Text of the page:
Every weekday evening, our editors guide you through the biggest stories of the day, help you discover new ideas, and surprise you with moments of delight. Subscribe to get this delivered to your inbox.
President Donald Trump may still be pushing to overturn the election results, but the staff of 1600 Pennsylvania Avenue know it’s over.
“None of the advisers and aides I’ve spoken with over the past couple of weeks is under any illusion that Trump will serve a second term,” our White House correspondent Peter Nicholas reports. “The show’s about to end.”
Tomorrow afternoon, Congress is set to vote to certify the Electoral College results, despite antidemocratic defections by Trump and allies.
Here’s what the last days in the White House are like. “After January 6, I think you’ll see a traditional defeated president,” one person close to the White House told Peter.
One of Trump’s final rallies of his term was “a classic of the form.” By that, our staff writer David A. Graham means that the Dalton, Georgia event was “sometimes entertaining, often incoherent, always erratic, and entirely terrifying.”
Meanwhile, the race to succeed him is on. “Look at the behavior, over the past few days, of the most ardent Trumpists,” Anne Applebaum writes. Trumpism, she argues, is really about the fantasy of unending victory.
Further reading: “When the president of the United States calls up electoral officials to threaten them, he’s leveling a loaded gun at our democracy,” Zeynep Tufekci argues in her latest.
What to read while you wait for the results of today’s double Senate runoff in Georgia:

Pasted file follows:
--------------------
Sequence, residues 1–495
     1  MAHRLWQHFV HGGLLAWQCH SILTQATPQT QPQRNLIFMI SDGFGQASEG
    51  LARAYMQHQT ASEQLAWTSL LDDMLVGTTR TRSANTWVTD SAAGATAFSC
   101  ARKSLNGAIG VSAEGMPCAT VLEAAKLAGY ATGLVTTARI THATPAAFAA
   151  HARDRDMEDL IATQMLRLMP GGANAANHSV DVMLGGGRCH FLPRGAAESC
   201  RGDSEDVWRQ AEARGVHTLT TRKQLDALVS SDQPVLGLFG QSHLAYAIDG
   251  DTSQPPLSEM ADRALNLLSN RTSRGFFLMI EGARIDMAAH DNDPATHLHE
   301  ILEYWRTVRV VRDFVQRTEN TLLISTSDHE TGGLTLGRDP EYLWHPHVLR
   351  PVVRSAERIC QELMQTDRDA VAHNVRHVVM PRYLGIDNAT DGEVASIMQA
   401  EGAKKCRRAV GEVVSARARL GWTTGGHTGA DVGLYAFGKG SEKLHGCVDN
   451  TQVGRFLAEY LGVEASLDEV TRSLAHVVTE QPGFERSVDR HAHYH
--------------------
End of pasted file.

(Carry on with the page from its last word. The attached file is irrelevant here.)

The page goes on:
Donors put nearly half a billion dollars into the four campaigns. Our staff writer Emma Green argues that “there’s something appalling about Americans spending this much on a pair of Senate seats during a pandemic.”
One question, answered: It’s 2021. When will things return to normal?
Look to the summer as a barometer, our staff writer Ed Yong reports:
Many of the 30 epidemiologists, physicians, immunologists, sociologists, and historians whom I interviewed for this piece are cautiously optimistic that the U.S. is headed for a better summer. But they emphasized that such a world, though plausible, is not inevitable. Its realization hinges on successfully executing the most complicated vaccination program in U.S. history, on persuading a frayed and fractured nation to continue using masks and avoiding indoor crowds, on countering the growing quagmire of misinformation, and on successfully monitoring and countering changes in the virus itself.
What to read if … you’re looking to better understand the current state of the outbreak:
Tonight’s Atlantic-approved pandemic activity:
Put on one of the best podcasts of 2020, as selected by Laura Jane Standley and Eric McQuade.
Today’s break from the news:
Read about a different kind of virus: These giant ones seem to have an unusual ability.
We want to hear what you think about this article. Submit a letter to the editor or write to firstname.lastname@example.org.